Lucinda Childs is one of America’s most important modern choreographers. Of her work, which is often described as conceptual dance, she has said, “My dances are an intense experience of intense looking and listening.”
Childs was born in New York City in 1940. In her second year at Sarah Lawrence College, she took a class with visiting professor Merce Cunningham. After she completed her degree, she went on to study at the Cunningham Studio. There she met Yvonne Rainer, who went on to cofound (with Steve Paxton) the influential Judson Dance Theater and invited Childs to be one of Judson’s original company members. Describing this period, Childs has said, “Nothing is necessarily extraneous to dance, including the professionally trained dancer’s susceptibility to the influence of nonprofessionals. The Judson Dance Theater concerned itself with this idea... materials as objects combining dance phrases with movement activity in relation to objects...a unified idiom of action, but a cumulative trend of activity that did not follow along one isolated scheme.” After she formed her own company in 1973, Childs collaborated with Wilson and Glass on Einstein on the Beach, participating as leading performer and choreographer. (She also took part in the opera’s revivals in 1984 and 1992). It was during rehearsals for Einstein that Childs and Glass came up with the original idea for the 1979 landmark Dance, which she choreographed and he scored, and to which Sol LeWitt contributed a film/décor. In a Washington Post review of Dance, Alan M. Kriegsman wrote, “a few times, at most, in the course of a decade a work of art comes along that makes a genuine breakthrough, defining for us new modes of perception and feeling and clearly belonging as much to the future as to the present. Such a work is Dance.”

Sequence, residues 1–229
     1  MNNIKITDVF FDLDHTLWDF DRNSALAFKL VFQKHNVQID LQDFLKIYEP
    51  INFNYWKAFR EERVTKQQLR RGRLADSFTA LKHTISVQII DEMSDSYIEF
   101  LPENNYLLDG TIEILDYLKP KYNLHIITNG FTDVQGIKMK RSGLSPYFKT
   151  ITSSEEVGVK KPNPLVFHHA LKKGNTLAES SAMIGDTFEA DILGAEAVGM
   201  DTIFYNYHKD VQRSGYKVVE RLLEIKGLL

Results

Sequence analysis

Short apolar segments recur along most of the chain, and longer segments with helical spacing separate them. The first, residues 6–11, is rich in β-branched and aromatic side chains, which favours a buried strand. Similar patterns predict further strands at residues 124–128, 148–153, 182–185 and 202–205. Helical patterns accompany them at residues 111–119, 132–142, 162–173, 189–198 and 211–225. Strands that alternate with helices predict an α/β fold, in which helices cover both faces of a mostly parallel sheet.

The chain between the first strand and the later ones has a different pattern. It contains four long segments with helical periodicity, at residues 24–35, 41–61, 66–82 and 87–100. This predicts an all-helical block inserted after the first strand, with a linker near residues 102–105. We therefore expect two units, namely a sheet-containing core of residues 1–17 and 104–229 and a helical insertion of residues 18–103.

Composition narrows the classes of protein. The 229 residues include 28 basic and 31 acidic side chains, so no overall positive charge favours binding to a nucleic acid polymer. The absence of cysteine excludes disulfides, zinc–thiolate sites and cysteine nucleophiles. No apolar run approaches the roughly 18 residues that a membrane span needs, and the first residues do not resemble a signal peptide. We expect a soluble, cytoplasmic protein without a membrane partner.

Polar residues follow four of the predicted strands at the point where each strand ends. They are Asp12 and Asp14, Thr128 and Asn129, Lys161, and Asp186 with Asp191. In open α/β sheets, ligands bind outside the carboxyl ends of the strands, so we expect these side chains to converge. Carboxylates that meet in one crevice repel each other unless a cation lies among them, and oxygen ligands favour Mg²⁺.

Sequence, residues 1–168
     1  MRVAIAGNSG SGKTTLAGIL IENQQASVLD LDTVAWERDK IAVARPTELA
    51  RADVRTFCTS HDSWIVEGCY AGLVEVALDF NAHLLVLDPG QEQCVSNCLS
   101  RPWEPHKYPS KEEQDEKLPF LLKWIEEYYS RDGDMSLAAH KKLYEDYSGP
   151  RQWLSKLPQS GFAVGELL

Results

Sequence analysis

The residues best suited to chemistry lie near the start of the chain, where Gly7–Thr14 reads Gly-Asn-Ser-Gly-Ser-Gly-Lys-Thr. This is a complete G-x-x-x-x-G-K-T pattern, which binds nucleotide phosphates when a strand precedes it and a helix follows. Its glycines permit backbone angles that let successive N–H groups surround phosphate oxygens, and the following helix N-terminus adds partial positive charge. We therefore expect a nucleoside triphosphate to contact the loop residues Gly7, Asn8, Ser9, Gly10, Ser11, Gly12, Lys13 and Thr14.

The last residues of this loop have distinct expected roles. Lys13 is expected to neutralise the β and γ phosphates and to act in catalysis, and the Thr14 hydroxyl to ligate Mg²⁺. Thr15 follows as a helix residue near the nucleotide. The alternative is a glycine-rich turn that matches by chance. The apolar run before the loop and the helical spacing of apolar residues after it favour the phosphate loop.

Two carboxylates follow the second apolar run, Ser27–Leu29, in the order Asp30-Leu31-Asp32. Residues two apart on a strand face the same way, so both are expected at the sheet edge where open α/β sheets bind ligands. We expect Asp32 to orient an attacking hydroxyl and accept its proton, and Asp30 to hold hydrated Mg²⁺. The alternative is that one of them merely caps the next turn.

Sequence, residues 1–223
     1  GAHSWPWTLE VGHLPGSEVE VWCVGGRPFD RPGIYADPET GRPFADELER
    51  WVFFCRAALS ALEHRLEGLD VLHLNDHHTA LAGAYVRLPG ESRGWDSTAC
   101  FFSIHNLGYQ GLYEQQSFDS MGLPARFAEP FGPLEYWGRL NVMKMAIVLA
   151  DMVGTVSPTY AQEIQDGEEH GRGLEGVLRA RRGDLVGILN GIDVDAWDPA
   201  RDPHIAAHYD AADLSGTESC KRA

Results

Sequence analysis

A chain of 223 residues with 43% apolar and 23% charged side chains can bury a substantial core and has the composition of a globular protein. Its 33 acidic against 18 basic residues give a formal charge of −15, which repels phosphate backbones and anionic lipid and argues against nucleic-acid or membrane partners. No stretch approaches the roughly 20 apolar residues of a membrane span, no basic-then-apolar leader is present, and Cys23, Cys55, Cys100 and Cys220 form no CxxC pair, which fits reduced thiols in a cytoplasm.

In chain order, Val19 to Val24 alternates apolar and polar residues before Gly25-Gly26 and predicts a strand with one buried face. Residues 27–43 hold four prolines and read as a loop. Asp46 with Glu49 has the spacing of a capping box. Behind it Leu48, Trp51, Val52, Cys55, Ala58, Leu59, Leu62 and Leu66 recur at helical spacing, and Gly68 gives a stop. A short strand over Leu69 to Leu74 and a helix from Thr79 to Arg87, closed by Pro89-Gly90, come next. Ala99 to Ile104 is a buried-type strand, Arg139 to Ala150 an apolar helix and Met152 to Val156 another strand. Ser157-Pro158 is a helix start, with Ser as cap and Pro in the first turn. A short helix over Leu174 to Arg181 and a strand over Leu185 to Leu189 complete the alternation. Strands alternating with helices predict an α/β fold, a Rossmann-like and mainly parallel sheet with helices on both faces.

Along with Glass, LeWitt and Wilson, Childs has worked with such artists, composers, and directors as John Adams, Frank Gehry, Henryk Górecki, Robert Mapplethorpe, Terry Riley, and Iaanis Xenakis. Childs received a Guggenheim Fellowship in 1979, the year she created Dance. She is also the recipient of the NEA/NEFA American Masterpiece Award, and in 2004 she was elevated from the rank of Officer to Commander in France’s Order of Arts and Letters.